response patterns when a partner shares fairly, but their
reactions differ when a partner shares unfairly.
On average, children with ASD offered 2.87 (SD: 1.55;
35.88% of the total stake) stickers on their first turn in the
proposer role, and 2.67 (SD: 1.4; 33.38%) stickers on their
second turn. By contrast, TD children offered 2.44 (SD:
1.25; 30.5%) stickers on their first turn as proposer, and 3.06
(SD: 1.31; 38.25%) on the second. As for the Ultimatum
Game, a 2 (population: TD, ASD) × 2 (offer: first, second)
mixed ANOVA revealed no main effects or interaction,
indicating no significant differences between the first and second
offers of either group. Similarly, a pair of 2 (order: child
first, puppet first)× 2 (offer: first offer, second offer) mixed
ANOVAs demonstrated that neither group was influenced
by starting role when making offers in the Dictator Game.
We then examined whether the populations differed when
making initial offers without a prior cue (e.g. a preceding
offer from the puppet). The results of the independent
samples t test indicated that the first offers of TD children and
children with ASD who started in the proposer role did not
significantly differ in the Dictator Game.
As above, we examined the reciprocity of children’s
offers. When the puppet made a fair offer, TD children
responded with a fair offer 75% of the time, an offer that
favoured themselves 19% of the time, or an offer that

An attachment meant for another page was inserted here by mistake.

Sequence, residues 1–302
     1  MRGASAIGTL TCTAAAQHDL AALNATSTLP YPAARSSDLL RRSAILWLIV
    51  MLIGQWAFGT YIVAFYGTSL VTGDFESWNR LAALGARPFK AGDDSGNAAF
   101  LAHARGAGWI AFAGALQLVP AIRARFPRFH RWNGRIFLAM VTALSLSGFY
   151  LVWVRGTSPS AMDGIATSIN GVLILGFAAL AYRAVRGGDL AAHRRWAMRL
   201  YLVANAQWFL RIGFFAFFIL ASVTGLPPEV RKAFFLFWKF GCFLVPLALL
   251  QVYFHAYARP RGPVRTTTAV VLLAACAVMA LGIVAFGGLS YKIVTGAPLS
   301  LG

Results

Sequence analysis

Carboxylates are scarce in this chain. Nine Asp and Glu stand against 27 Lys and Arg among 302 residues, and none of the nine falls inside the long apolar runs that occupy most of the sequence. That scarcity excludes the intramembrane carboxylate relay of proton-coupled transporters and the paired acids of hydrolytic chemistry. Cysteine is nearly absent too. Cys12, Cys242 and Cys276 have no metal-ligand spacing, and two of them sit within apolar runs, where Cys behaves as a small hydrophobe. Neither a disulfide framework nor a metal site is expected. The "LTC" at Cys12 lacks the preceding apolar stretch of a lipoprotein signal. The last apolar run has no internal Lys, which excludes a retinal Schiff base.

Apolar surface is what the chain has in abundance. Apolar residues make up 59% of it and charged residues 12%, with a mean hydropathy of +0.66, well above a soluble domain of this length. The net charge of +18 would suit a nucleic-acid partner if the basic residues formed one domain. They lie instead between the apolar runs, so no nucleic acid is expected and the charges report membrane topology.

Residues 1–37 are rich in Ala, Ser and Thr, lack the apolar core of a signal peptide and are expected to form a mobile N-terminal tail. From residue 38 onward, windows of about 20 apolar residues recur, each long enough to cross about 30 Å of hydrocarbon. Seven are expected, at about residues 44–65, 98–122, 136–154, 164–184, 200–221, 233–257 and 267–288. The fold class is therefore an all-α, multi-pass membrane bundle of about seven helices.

favoured the puppet 6% of the time. When the puppet made
an unfair offer, TD children responded with an offer that
favoured themselves 100% of the time. As in the Ultimatum
Game, the offers of TD children were apparently influenced
by the puppet’s behaviour; they reciprocated fair and unfair
offers on 84% of trials. Opposite to the Ultimatum Game, TD
children were 25% more likely to reciprocate unfair offers
than fair offers. For children with ASD, when the puppet
made a fair offer, they responded with a fair offer 50% of the
time, an offer that favoured themselves 40% of the time, or
an offer that favoured the puppet 10% of the time. When the
puppet made an unfair offer, children with ASD responded
with a fair offer 10% of the time, an offer that favoured
themselves 80% of the time, and an offer that favoured the puppet
10% of the time. Thus, children with ASD reciprocated the
puppet’s offers on 65% of trials overall.
A GLMM was constructed to test whether children with
ASD were statistically less likely to reciprocate the puppet’s
offers in the Dictator Game. The analysis modelled the
probability (log odds) of children reciprocating the puppet’s offer
(yes/no), considering variation across participants (random
intercepts), fixed effects of population (ASD/TD) and
puppet’s offer (fair/unfair), plus the interaction between these